I’ve heard that the Danes do Christmas very well, with dark nights, twinkly lights, a proper festive atmosphere, lots of hot gløgg, and plenty of hygge. This is why I had set my little heart on making my first visit to Denmark this December. Sadly, I couldn’t find the right arrangement of dates and budget to make the trip this year, so I settled for second best – a Danish Christmas in London.
I’ll admit, though, that this was not entirely intentional. Indeed, it was actually a bit of serendipity. I had already booked a visit to London for the last week in November, and was thrilled to find out through the Danskere i London Facebook group, that there would be a Danish Christmas market held on exactly the same weekend – and even better, at only 3 tube stops away from where I would be staying. What luck! So, I happily packed my bags and hopped on the train with my husband, having decided to try and get a little taste of Denmark right here in Britain.
On our first day in the big city, we woke up bright and early. It was a shame that the weather wasn’t feeling quite as bright but, hey, that’s British weather for you! We decided to get some fresh air by walking by Regent’s Park on our way towards Piccadilly Circus, which had the added benefit of taking us past the Danish Church, St Katharine’s. According to the history books, there has been a Danish church in London since 1696. However, this particular building – and, as you can see from the photo, it is a beautiful structure – was made the location of the Danish Church in London only in 1952. As well as providing a focal point for the London Danish community, they also offer Danish lessons for both children and adults here on a weekly or fortnightly basis – handy to know, if you happen to be a Danish learner in the Big Smoke.
We continued on our way and, after a short hop on the tube,we arrived at Golden Square where we found the Nordic Bakery for a quick coffee-and-pastry stop. What a cosy, hyggeligt place! Chic Scandinavian design and a wide array of pastries and cakes had obviously made this place very popular as, unfortunately for us, the place was jam-packed! Undeterred, min mand and I chose a little treat each – an apple tosca and a Danish pastry filled with lingonberry jam – and crossed to the small park in the middle of the square to test them out. They were both sweet and delicious, although I did find out later that a tosca is technically Swedish… Oh, well!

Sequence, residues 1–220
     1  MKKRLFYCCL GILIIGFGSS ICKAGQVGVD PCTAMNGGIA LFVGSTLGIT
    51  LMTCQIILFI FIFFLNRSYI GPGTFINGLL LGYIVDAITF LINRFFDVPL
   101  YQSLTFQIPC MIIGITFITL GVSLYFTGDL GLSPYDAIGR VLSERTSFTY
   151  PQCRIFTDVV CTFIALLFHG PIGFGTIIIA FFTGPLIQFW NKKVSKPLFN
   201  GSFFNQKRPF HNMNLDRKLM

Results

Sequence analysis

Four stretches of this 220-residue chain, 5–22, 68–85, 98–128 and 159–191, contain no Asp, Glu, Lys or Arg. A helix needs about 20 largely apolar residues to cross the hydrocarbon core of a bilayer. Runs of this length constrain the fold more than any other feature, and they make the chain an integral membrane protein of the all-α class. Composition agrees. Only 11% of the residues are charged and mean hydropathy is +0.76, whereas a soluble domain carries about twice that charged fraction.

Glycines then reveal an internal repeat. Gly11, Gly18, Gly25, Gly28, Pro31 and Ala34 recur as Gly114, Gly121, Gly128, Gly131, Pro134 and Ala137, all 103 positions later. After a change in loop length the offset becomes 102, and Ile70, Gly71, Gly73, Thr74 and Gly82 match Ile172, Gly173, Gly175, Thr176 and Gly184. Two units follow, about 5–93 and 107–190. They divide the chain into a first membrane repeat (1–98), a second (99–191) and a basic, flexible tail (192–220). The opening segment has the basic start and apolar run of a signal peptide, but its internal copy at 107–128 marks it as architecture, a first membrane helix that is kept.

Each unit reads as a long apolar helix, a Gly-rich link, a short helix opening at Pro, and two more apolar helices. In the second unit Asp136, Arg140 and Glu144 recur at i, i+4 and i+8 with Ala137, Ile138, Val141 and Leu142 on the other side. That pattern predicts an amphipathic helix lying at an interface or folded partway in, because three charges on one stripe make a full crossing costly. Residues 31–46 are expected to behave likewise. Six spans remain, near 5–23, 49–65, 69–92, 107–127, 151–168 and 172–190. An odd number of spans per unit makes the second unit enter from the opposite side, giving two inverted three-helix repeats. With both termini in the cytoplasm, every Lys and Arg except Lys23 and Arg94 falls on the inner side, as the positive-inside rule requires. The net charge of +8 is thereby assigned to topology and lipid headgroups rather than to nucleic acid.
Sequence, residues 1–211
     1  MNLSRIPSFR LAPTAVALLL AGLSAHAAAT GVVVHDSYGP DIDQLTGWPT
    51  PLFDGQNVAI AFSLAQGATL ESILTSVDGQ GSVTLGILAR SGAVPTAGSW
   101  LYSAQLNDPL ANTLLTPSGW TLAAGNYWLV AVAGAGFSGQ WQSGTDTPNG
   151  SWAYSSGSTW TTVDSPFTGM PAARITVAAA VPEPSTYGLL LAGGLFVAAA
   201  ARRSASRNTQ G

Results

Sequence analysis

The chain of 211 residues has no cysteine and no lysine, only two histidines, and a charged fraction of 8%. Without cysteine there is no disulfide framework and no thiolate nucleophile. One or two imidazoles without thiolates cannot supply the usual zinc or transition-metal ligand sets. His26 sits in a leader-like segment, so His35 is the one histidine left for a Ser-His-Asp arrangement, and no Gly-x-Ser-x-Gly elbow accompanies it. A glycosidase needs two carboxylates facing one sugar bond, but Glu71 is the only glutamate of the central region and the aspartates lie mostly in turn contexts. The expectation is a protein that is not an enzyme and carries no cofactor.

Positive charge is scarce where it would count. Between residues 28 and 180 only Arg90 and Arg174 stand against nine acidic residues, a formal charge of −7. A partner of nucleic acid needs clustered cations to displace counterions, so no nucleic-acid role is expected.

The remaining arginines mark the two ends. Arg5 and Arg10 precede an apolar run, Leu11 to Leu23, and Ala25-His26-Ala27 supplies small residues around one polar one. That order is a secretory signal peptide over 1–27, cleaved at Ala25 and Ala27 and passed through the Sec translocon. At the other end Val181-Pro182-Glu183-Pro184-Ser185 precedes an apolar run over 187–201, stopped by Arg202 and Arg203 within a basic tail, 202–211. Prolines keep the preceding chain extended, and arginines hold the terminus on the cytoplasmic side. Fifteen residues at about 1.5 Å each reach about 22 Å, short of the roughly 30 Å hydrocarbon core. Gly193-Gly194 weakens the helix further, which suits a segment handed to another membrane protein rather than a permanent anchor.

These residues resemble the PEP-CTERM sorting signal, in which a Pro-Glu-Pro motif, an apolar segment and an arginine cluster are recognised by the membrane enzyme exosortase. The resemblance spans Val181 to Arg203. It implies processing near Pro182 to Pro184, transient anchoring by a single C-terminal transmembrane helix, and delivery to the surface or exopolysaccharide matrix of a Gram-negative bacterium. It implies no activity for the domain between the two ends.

Feeling replenished, we tackled the crowds on Regent Street until our feet started aching, at which point we ducked into a little pub for a mug of mulled wine. And here, a bit more serendipity awaited us. Two tables along from us, there arrived a group of four young men, and as we sat there, relaxing and watching the world go by, my ears suddenly realised that I could hear the distinctive cadence and rhythm of Danish being spoken! Now, I know that London is a big old melting pot of all nationalities, but what were the chances of that?! I really did want to go over and talk to them but being old enough to be, if not their mother, then at least their mother’s younger sister, in the end I was too shy to say anything. And, yes, I do regret it! Next time, I tell you…
The following day rolled around, as grey and cold as the one before. This didn’t dent our enthusiasm though – we had a Danish Christmas market to visit! I believe that this is held every year in the Danish YWCA (the women’s version of the more famous YMCA), a fantastic, old country house in the Hampstead suburbia.
We turned up only fifteen minutes after it opened to find the place already bustling with people, both Danish and otherwise. The gorgeous rooms were filled with red and white Danish Christmas decorations, treats and knick-knacks, from advent candles to woven yule hearts, from paper stars to julebryg to julekort.
Downstairs, there was an even bigger treat, with a small restaurant serving an array of smørrebrød and a marquee out the back serving lots of other Danish delicacies. Purely in the name of research (ahem…!), I bought some hindbærsnitter (I wanted to see how close my efforts here had been!), a cup of gløgg, and some æbleskiver. If I hadn’t just had a large breakfast, I would have tested their frikadeller too – another time, maybe! I thought the gløgg would be just like the mulled wine I’d had the previous day, but it was actually quite different, being much sweeter and featuring slices of almond floating on the top and plump sultanas to spoon up from the bottom. I enjoyed it so much that I think this was my favourite Danish treat of the whole weekend.
Before we left, we stocked up on some pretty Scandinavian Christmas decorations and this time, I did make myself be brave and try out my Danish. I managed a few short conversations with the stall holders and felt pleased as punch whenever somebody gave me a friendly smile, tried to understand me and – best of all! – answered me back in Danish! After all, the aim of all that studying and practice is to do some real-life speaking with some real-life Danes, isn’t it?
And with that, my sort-of Danish weekend came to an end. Although I hadn’t quite made it to Denmark itself, I think I managed to squeeze enough Danishness out of my London visit to feel like I’d gotten a tiny taste of what Denmark itself would be like…when I make it there next year!